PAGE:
The Propinquity production of Two Rooms at the Atlantic Theater Company is the second production of the show in the past year. If you didn't see the production at the Blue Heron Arts Center last fall, you should go now. But if you did see that production, why, you may ask, should you see it again?
Quite frankly, because the show is even more pertinent now than it was then. Then, scarcely two months after September 11, the play seemed to be a placating presence, maybe not providing the answers, but at least clarifying the questions everyone had in the aftermath of the attack on the World Trade Center. But Two Rooms seems even more harrowing and topical now. Not bad for a play written in 1988.
Yes, the climate of the United States and its political outlook on a great many things have changed since Lee Blessing wrote Two Rooms in response to the Lebanese hostage crisis. But the conflict at the central core of the play is one that transcends time and specific names and places. If Two Rooms is performed again in fifty years, its messages about the true war - politics versus the media - and the victims it leaves in its wake will still be relevant.
That element is brought right to the forefront here, and it seems to be the soul of director Steve Bebout's conception of the show. Reporter Walker Harris (Matty D. Stuart) and politician Ellen Van Oss (Katie Northlich) both fight for control of Lainie Wells (Christine Fall), whose husband Michael (Guy Camilleri) was kidnapped and imprisoned. Lainie's immediate response was to remove all the furniture from her husband's home office, and spend as much time there as to be as close to him as possible, emotionally and spiritually, though they are physically separated by thousands of miles.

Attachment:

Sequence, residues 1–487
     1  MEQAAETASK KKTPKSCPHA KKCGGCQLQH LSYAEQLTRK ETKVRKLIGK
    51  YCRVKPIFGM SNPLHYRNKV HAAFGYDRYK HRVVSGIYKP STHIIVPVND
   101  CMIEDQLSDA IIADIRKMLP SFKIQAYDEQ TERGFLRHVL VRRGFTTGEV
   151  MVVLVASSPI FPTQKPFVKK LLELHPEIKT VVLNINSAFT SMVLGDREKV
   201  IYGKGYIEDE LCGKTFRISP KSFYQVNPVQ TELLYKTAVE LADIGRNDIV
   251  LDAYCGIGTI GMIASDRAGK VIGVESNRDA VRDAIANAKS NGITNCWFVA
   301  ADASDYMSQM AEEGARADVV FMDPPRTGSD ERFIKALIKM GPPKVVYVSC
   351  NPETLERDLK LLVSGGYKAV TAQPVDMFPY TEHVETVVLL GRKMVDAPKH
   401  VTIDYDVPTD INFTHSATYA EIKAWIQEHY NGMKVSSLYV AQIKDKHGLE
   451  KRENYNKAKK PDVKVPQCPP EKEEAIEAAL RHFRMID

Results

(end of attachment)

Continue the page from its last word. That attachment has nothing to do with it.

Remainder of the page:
Lainie is pulled in every direction, told by Ellen to say nothing and by Walker to say everything, never sure which (if either) of them truly has her best interests at heart. That's the real strength of Two Rooms - it takes no sides, and takes no prisoners. Northlich is cautiously detached, Stuart emotionally manipulative, the young man trying to break in to an adult world. But both make their cases convincingly.
Still, it's Fall who gives the best performance, a smoldering breakdown that builds over the course of the show, exploding in a destructive emotional fury near the end. She comes across as the true victim in the struggle. Camilleri, unfortunately, never succeeds in bringing across Michael's pain and loss. Their relationship, then, is lopsided, Camilleri's affable nature creating a stronger bond with the audience than with his wife. This greatly weakens the play, making Michael less of a central figure and more of a ghost or memory who does little but intrude on the reality of Lainie's world. Bebout's staging, with Camilleri almost never offstage, does little to discourage this line of thinking.
But Blessing's script, which dramatizes each side of the conflict equally well, makes up for this shortcoming. This production, while less emotionally charged than might be ideal, presents its story and messages with fortitude and clarity, two vital qualities given the subject matter and the world in which Two Rooms seems more relevant than ever.